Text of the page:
And yes, those really are blossoms on my lemon tree.
I may have to say that I enjoy the blossoms even more than the lemons.  Words can't do their fresh, spicy fragrance justice.  I'm always so pleased when my lemon trees bloom indoors, because the scent is absolutely heavenly, and works better than any air freshener on the market.

Despite their size, our lemon trees are pretty prolific.  They each bloom about 3 times a year, and produce quite a few lemons.  We don't have lemons available year round, since both trees tend to have lemons on them at the same time.
Those lemons are quite a conversation starter.  Our guests are usually equally astonished and delighted that we have lemon trees.

We got the idea from my parents, who, over the course of many years, have had several varieties of citrus trees in their home.  We ordered the starts for our trees through a seed catalog called Wayside Gardens.  (If you do an online search, you can find many options for ordering your own citrus trees.)  They arrived in two very small boxes, just single sticks with a few feeble blooms.  We stuck those sticks in pots, and within a month or two, there were actual lemons growing on them!  It still blows my mind.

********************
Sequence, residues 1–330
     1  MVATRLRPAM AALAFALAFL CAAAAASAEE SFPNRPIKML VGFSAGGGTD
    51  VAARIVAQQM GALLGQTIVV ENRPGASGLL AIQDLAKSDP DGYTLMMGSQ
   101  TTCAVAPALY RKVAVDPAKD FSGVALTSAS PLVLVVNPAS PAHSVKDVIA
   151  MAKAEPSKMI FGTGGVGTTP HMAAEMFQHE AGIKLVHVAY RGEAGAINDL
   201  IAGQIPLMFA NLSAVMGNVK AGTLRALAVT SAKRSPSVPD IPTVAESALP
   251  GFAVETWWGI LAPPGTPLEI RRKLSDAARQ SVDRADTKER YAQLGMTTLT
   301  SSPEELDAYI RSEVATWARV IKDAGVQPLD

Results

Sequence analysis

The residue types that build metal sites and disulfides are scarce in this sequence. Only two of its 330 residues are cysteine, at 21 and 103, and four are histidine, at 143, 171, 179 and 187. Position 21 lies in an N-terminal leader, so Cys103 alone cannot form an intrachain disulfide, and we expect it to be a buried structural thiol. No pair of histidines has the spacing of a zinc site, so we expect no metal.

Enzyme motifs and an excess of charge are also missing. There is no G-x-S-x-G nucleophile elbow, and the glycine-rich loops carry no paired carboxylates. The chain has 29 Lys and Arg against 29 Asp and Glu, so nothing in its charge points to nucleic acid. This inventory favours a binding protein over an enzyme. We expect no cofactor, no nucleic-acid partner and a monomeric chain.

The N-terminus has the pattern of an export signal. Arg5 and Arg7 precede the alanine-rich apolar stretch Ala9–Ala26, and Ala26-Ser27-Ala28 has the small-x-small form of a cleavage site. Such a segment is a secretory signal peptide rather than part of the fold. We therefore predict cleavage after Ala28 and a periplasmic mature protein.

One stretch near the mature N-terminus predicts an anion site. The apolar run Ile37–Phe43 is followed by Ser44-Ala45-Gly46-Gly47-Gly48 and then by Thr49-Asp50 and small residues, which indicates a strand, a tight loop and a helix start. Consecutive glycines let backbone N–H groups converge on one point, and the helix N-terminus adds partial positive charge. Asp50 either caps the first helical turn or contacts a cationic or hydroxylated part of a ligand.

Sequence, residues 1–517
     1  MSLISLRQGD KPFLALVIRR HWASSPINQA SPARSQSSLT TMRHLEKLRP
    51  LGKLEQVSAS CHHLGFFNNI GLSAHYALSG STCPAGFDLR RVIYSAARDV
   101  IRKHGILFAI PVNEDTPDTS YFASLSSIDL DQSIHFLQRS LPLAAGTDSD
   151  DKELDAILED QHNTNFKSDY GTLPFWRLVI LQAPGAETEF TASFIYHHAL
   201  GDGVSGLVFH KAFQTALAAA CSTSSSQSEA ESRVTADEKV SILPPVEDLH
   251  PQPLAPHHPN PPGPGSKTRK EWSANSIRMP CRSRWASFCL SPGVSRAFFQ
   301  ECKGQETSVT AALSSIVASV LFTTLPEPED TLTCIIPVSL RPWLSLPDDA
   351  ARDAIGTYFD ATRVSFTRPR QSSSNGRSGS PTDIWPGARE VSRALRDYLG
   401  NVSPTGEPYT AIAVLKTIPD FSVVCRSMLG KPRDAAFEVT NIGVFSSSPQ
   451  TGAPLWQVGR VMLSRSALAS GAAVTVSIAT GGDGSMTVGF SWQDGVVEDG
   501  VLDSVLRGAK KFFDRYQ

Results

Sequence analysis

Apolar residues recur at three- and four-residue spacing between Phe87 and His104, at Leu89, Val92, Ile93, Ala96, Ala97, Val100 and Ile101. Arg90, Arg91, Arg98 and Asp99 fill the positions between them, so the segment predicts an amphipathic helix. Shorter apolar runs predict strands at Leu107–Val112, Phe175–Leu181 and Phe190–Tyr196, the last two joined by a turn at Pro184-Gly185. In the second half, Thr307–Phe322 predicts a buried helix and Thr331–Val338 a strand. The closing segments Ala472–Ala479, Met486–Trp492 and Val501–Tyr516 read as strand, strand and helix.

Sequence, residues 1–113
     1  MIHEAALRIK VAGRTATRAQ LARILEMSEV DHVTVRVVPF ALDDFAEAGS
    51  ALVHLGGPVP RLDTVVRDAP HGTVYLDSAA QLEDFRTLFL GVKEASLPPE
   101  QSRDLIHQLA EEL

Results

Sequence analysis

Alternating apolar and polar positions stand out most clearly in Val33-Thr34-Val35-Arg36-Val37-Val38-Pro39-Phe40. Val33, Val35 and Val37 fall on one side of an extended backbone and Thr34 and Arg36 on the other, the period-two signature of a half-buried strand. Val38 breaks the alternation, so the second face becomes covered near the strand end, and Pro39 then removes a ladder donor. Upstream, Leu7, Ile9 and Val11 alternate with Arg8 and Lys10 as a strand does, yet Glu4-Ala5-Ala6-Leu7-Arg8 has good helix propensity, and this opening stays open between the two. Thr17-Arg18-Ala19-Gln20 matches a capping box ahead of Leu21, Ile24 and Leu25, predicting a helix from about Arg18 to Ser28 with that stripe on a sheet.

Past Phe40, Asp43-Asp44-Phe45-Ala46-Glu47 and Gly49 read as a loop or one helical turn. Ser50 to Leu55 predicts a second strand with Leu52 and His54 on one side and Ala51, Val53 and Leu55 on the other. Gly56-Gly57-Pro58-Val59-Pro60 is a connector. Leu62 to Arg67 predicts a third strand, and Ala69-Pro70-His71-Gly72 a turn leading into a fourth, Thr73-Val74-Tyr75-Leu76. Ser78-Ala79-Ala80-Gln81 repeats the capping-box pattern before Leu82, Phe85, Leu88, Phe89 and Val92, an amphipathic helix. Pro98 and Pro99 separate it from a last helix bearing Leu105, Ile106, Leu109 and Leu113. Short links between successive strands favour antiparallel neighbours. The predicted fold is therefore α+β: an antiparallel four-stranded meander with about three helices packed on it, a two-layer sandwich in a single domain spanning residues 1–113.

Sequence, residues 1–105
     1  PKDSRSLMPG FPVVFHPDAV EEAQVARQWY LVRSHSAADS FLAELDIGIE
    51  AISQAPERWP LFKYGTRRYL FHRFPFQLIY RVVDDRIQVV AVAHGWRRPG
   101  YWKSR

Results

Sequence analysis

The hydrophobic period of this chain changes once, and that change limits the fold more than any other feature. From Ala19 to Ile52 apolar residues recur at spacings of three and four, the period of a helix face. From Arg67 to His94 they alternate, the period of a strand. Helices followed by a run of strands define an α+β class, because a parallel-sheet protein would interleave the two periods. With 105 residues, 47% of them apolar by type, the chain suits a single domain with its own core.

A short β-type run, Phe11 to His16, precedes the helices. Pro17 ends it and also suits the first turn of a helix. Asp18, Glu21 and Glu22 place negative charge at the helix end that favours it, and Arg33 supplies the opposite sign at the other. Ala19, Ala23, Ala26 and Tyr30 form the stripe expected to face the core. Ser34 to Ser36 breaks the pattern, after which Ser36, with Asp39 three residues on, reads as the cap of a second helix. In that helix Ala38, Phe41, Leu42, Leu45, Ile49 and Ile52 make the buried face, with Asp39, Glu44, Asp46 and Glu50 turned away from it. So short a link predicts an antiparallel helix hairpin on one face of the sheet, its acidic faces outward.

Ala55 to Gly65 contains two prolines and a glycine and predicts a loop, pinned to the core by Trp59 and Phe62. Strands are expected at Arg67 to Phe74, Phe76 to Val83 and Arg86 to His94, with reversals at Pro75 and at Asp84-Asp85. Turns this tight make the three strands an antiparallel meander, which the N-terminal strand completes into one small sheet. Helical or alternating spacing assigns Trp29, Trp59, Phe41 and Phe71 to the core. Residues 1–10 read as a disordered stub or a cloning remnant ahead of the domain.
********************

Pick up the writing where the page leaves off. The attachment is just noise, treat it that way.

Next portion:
I'm really excited that, due to all the ripening lemons on the trees right now, it looks like I'll have plenty of homegrown lemons to use with my Thanksgiving dishes!

Tuesday, November 2, 2010

Faux Sourdough

The other day, my lovely friend, Maren, shared some delightful news with me (CONGRATULATIONS BRAD and MAREN!!!) and was nice enough to say that she and her husband enjoyed my whole wheat pizza recipe.  Which reminded me.....wasn't I going to do a whole series on
Whole Wheat:
It's Not Just for Breakfast


Ahem.  So, we now....after a long, long, long time....return to the second edition of
Whole Wheat:
It's Not Just for Breakfast
with one of my all-time favorite recipes.